Judge J. William Howerton and Bill Ford at gallery reception
PADUCAH, KY (February 4, 2016) - Recognizing that her only child had artistic talents, Louise "Babalou" Ellen Ford sought to nurture those talents any way she could. In the late 1940s, she hired students from what was then Mississippi State College for Women in Columbus, Miss., to teach her 7-year-old son about art.
Those young college students inspired interior designer and artist Bill Ford. The Paducah resident has spent a lifetime working to inspire others to appreciate the arts as much as he does.
"Art enriches our lives. I love working with children and showing them the wonder that is art," Ford recently said. "I just can't imagine life without the arts."
The main gallery in Paducah School of Art and Design (PSAD)'s new 2D and Graphic Design Building has been named in Ford's honor, officials announced during a private reception at the building Thursday. The gallery is one of several named areas in the new building as a result of the successful campaign to fund PSAD.
The Carson-Myre Charitable Foundation's significant donation brought the campaign to closure last year. During Thursday's reception, Judge J. William Howerton, chair of the Carson-Myre Charitable Foundation Board of Trustees, praised Ford's charitable work and commitment to the arts and to the community. Howerton said the foundation's board felt strongly about naming the gallery in honor of Ford. "If anybody had anything they wanted to do, raise some money or promote something, he was always the first one to step up and participate," Howerton said. "Who in the world could be more deserving to have some kind of recognition in an art school, especially one of art and design, than Bill Ford."
Ford said he was overwhelmed and deeply humbled to have the gallery named in his honor. "I'm still living and something's named after me," Ford announced to laughter from the crowd.
Ford has been a leading residential and commercial interior designer and artist in Paducah for more than 25 years. As an artist, he does calligraphy, watercolors and pen and ink renderings. He has been a vital part of the arts having served on the boards of Paducah Chamber of Commerce, Child Watch, Yeiser Art Center, Paducah Day Nursery, Paducah Symphony Orchestra, and Market House Theatre. He has exhibited his work in the member shows at the Yeiser Center and had his first one-man show at Ruth Baggett Gallery in 2013.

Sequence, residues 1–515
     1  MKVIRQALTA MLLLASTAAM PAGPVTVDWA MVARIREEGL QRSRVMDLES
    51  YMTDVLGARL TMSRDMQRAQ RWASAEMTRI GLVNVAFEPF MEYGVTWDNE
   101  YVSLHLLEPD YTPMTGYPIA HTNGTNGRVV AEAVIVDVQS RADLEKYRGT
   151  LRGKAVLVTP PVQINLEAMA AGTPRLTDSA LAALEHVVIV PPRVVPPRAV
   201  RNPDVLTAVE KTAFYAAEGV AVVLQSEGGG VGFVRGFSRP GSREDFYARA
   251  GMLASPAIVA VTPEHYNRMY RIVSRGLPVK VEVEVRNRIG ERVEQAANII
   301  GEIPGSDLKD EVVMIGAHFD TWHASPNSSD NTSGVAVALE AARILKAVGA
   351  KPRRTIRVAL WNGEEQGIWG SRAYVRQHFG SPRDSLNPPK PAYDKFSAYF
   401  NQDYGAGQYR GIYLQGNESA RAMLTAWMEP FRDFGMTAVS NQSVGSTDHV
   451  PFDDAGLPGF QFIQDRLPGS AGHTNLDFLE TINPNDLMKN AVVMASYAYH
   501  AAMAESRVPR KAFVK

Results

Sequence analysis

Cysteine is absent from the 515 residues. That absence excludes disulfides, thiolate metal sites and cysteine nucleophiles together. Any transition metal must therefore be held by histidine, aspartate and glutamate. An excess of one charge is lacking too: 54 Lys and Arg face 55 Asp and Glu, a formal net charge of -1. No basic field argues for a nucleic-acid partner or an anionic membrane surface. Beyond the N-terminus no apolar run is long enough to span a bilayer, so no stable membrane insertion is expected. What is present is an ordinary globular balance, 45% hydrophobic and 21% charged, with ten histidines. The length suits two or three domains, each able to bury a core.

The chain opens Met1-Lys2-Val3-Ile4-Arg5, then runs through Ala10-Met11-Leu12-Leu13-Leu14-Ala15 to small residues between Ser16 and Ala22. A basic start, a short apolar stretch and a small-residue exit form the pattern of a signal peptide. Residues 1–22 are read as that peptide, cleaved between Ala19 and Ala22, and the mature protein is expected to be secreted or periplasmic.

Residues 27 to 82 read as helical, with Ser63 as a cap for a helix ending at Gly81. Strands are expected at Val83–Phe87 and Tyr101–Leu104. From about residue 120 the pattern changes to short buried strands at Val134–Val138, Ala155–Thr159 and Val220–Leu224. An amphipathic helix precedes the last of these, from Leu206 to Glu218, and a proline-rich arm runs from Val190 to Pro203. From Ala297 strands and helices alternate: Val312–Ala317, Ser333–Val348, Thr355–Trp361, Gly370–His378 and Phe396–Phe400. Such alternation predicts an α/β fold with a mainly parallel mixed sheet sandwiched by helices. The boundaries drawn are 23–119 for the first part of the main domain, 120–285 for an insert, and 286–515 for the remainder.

Ford's signature always includes a "B" at the end of his name in memory of his mother's nickname, "Babalou." "Everything I paint and draw is dedicated to my mom," he said.
A Memphis, Tenn., native, Ford said he loves working in people's homes and seeing others' as well as his own artwork hanging on their walls. "We have such a wide array of artists in Paducah," he said. "I have a lot of respect for the many artists we have here."
Known for his signature bowties, Ford has a strong passion for his adopted home. In May, he will release a collection of original pen and ink drawings that accompany articles from the community about memories of Paducah titled, "From Paducah With Love."
"The citizens of Paducah radiate a lot of love. Everyone is so progressive," Ford said. "The people really inspire me, and I love Paducah."
PSAD will host a public open house for the 2D and Graphic Design Building at 5 p.m. March 31. For more information about the art school, call (270) 408-4281 or at firstname.lastname@example.org